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The relationship between physical workload and quality within line-based assembly

Ivarsson, Anna and Eek, Frida LU (2016) In Ergonomics 59(7). p.23-913
Abstract

Reducing costs and improvement of product quality are considered important to ensure productivity within a company. Quality deviations during production processes and ergonomics have previously shown to be associated. This study explored the relationship between physical workload and real (found during production processes) and potential (need of extra time and assistance to complete tasks) quality deviations in a line-based assembly plant. The physical workload on and the work rotation between 52 workstations were assessed. As the outcome, real and potential quality deviations were studied during 10 weeks. Results show that workstations with higher physical workload had significantly more real deviations compared to lower workload... (More)

Reducing costs and improvement of product quality are considered important to ensure productivity within a company. Quality deviations during production processes and ergonomics have previously shown to be associated. This study explored the relationship between physical workload and real (found during production processes) and potential (need of extra time and assistance to complete tasks) quality deviations in a line-based assembly plant. The physical workload on and the work rotation between 52 workstations were assessed. As the outcome, real and potential quality deviations were studied during 10 weeks. Results show that workstations with higher physical workload had significantly more real deviations compared to lower workload stations. Static work posture had significantly more potential deviations. Rotation between high and low workload was related to fewer quality deviations compared to rotation between only high workload stations. In conclusion, physical ergonomics seems to be related to real and potential quality deviation within line-based assembly. Practitioner Summary: To ensure good productivity in manufacturing industries, it is important to reduce costs and improve product quality. This study shows that high physical workload is associated with quality deviations and need of extra time and assistance to complete tasks within line-based assembly, which can be financially expensive for a company.

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author
organization
publishing date
type
Contribution to journal
publication status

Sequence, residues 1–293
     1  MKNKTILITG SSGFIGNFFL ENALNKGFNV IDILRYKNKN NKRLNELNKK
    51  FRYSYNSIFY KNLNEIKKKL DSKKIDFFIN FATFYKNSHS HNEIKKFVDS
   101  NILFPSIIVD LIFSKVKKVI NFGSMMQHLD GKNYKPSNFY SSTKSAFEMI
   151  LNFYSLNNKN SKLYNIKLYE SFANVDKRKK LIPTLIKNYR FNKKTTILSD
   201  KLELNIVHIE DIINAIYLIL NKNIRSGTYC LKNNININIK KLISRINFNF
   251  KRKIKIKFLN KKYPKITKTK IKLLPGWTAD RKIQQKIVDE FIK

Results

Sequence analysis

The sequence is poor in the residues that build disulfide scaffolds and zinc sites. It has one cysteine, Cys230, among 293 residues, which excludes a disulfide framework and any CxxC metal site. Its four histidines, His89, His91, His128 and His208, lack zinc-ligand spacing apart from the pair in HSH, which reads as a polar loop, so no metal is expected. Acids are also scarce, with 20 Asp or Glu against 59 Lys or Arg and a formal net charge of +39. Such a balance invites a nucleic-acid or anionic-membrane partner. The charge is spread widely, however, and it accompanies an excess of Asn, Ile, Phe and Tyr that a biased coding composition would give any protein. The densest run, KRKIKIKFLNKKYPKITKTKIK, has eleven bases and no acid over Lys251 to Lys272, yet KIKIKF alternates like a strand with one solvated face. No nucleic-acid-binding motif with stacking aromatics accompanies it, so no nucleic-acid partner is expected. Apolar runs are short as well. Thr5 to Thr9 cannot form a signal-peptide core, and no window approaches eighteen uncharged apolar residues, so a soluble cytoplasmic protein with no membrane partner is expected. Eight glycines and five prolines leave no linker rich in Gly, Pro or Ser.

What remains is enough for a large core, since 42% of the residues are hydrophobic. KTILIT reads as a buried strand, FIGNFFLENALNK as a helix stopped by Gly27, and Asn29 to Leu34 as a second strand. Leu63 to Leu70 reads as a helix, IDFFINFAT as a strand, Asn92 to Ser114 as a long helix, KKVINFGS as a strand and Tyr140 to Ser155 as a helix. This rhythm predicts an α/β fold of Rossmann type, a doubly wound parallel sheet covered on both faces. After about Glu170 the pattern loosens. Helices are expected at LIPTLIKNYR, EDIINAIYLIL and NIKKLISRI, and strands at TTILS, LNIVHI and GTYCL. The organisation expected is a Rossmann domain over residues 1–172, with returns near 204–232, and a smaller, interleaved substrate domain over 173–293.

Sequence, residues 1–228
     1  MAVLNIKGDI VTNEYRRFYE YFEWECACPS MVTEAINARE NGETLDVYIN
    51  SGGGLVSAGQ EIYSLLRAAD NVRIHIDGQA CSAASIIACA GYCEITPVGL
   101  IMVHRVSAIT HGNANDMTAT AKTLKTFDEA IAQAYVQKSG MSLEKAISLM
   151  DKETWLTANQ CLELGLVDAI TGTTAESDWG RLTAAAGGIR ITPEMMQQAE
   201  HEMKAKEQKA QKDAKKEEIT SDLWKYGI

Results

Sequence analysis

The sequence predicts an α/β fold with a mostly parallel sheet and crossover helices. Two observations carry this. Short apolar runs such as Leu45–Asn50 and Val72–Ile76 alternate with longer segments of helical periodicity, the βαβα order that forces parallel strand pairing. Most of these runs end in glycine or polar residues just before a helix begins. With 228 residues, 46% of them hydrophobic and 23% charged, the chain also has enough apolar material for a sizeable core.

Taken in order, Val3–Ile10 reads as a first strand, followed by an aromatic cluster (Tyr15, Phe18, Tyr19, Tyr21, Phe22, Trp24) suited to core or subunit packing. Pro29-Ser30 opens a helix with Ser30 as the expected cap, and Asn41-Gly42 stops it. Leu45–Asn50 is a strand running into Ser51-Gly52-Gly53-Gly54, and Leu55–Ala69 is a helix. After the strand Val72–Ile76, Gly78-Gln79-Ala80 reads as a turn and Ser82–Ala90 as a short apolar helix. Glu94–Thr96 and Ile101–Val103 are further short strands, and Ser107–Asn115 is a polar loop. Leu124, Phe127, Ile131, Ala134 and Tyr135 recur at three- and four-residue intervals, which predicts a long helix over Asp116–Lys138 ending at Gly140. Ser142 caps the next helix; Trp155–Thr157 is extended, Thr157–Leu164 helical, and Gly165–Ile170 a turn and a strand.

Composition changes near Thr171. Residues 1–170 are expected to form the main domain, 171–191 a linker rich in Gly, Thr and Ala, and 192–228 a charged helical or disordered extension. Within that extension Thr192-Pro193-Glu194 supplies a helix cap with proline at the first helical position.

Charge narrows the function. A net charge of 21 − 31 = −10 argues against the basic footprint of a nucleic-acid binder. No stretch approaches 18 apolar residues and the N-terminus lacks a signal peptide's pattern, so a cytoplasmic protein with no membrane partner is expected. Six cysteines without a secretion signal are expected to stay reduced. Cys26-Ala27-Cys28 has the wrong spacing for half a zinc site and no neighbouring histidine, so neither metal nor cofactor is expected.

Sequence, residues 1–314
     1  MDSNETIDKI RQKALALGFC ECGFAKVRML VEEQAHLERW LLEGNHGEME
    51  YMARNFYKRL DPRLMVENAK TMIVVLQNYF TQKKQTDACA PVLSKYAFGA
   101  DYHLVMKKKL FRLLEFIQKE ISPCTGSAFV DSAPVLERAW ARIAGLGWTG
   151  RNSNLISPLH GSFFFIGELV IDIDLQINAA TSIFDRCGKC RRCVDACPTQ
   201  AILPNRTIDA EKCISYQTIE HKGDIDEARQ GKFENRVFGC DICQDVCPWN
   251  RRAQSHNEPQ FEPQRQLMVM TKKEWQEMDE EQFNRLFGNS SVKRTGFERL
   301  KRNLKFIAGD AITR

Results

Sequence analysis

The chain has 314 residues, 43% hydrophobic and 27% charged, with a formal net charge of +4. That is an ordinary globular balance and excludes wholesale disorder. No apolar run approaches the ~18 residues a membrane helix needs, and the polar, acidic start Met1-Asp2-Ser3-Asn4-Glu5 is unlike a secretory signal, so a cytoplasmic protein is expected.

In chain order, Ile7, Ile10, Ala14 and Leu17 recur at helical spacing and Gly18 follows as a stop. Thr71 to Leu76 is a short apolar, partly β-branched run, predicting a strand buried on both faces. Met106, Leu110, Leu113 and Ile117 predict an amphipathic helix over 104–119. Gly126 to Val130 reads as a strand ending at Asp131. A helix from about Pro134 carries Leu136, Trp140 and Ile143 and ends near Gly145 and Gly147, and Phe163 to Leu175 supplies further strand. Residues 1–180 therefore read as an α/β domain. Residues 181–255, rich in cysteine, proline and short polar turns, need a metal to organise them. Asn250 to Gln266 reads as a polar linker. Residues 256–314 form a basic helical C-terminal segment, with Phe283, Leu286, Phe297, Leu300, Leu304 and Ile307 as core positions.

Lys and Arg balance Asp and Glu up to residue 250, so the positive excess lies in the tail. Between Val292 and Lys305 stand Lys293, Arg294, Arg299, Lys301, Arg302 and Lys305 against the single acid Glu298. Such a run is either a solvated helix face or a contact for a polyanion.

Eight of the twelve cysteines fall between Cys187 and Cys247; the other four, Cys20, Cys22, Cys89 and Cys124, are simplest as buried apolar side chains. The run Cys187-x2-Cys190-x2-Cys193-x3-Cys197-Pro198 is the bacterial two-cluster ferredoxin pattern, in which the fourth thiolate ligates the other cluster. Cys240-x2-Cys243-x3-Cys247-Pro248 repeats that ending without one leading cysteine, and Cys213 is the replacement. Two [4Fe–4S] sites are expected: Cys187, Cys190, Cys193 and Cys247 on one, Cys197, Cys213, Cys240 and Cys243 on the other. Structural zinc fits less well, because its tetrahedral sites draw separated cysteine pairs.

published
subject
keywords
Journal Article
in
Ergonomics
volume
59
issue
7
pages
11 pages
publisher
Taylor & Francis
external identifiers
  • scopus:84947255562
  • wos:000384351800005
ISSN
0014-0139
DOI
10.1080/00140139.2015.1105303
language
English
LU publication?
yes
id
683bfec7-0169-4992-a284-0e6b9d867777
date added to LUP
2016-10-19 09:44:29
date last changed
2017-09-10 05:10:41
@article{683bfec7-0169-4992-a284-0e6b9d867777,
  abstract     = {<p>Reducing costs and improvement of product quality are considered important to ensure productivity within a company. Quality deviations during production processes and ergonomics have previously shown to be associated. This study explored the relationship between physical workload and real (found during production processes) and potential (need of extra time and assistance to complete tasks) quality deviations in a line-based assembly plant. The physical workload on and the work rotation between 52 workstations were assessed. As the outcome, real and potential quality deviations were studied during 10 weeks. Results show that workstations with higher physical workload had significantly more real deviations compared to lower workload stations. Static work posture had significantly more potential deviations. Rotation between high and low workload was related to fewer quality deviations compared to rotation between only high workload stations. In conclusion, physical ergonomics seems to be related to real and potential quality deviation within line-based assembly. Practitioner Summary: To ensure good productivity in manufacturing industries, it is important to reduce costs and improve product quality. This study shows that high physical workload is associated with quality deviations and need of extra time and assistance to complete tasks within line-based assembly, which can be financially expensive for a company.</p>},
  author       = {Ivarsson, Anna and Eek, Frida},
  issn         = {0014-0139},
  keyword      = {Journal Article},
  language     = {eng},
  number       = {7},
  pages        = {23--913},
  publisher    = {Taylor & Francis},
  series       = {Ergonomics},
  title        = {The relationship between physical workload and quality within line-based assembly},
  url          = {http://dx.doi.org/10.1080/00140139.2015.1105303},
  volume       = {59},
  year         = {2016},
}